Further, It seems that assault weapons have come to symbolize for many a sense of manhood and power –  something like a V-8 pick-up truck that is used to commute to an office job. I have a friend lives in poverty. He is on social security as his major income. Most of his check goes to pay for a shiny new pickup. Like many, the new pick up is a symbol and (imaginary) assurance of his self-worth. He is a sincere Christian and had no business in placing his self-esteem and self-worth on the glamor of a pick-up or any other object. Christ should be his rock and basis of self–worth.  Neither the possession of an expensive pickup, or a gaggle of weapons and the emotional and symbolic attachments they generate are unlawful.  No feeling or emotion is, but such emotional crutches are not good for the Christian attempting to progress in sanctification. To quote Paul, “All things are lawful for me, but not all things are profitable. All things are lawful for me, but I will not be mastered by anything.” (1 Cor 6:12)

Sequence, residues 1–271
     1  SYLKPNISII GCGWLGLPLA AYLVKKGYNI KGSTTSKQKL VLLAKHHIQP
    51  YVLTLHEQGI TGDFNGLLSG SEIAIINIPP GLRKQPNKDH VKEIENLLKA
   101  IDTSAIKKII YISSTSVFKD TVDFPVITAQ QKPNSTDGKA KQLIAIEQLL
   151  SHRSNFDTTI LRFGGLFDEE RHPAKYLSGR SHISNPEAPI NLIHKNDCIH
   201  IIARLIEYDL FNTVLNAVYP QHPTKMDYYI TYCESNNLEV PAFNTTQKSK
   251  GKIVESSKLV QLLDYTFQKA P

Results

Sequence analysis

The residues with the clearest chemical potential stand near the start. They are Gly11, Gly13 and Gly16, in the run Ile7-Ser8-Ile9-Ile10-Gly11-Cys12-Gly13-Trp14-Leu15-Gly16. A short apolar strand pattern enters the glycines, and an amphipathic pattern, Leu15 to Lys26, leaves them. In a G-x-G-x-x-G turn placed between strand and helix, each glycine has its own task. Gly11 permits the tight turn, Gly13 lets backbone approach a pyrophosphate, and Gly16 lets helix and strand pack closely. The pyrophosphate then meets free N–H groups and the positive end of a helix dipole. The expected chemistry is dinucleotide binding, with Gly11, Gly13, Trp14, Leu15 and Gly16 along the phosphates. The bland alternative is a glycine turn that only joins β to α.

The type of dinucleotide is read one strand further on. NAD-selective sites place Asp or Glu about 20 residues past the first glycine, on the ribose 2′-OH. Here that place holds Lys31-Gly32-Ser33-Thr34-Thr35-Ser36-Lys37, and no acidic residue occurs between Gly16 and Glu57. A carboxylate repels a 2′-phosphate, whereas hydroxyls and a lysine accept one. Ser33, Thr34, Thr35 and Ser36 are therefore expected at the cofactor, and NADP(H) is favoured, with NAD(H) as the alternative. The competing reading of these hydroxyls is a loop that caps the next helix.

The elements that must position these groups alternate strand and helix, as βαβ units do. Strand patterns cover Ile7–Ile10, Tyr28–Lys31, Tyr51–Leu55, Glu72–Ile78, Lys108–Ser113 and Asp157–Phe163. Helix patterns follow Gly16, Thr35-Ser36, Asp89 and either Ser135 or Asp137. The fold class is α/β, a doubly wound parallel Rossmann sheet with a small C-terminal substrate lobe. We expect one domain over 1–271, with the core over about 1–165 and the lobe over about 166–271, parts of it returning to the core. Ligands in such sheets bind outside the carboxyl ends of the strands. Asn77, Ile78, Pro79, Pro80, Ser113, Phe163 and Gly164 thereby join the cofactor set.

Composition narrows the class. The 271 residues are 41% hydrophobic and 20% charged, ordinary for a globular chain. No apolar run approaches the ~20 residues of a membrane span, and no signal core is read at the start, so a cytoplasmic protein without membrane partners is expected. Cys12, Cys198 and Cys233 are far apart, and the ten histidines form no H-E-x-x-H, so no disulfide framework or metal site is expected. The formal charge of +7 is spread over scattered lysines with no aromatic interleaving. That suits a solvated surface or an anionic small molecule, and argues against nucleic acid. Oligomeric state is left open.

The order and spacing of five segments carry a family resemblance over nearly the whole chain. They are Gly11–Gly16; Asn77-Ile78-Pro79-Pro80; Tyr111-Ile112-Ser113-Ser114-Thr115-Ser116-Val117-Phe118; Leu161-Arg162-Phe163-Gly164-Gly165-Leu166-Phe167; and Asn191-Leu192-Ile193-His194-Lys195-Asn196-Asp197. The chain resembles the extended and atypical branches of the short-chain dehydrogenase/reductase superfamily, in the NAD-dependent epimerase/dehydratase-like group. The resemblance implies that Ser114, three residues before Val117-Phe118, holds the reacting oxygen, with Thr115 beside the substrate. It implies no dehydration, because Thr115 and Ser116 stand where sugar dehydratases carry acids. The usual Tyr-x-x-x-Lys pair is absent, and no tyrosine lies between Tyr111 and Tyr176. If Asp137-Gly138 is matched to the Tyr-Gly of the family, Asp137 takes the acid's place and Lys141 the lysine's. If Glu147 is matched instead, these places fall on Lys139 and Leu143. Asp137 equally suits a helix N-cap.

Let me make haste to state that I do not believe that everyone who buys an assault weapon falls into sins of bloody fantasies. In areas plagued by gangs, an assault weapon might even be a prudent possession for home defense.  But I am affirming that assault weapons are things that tempt persons to negative and bloody images, which should have no part in the Christian’s life.

Let me now offend the Left:

Now that I have offended many of my more conservative, pro-gun Christian friends, let me an equal opportunity offender and critique the other side.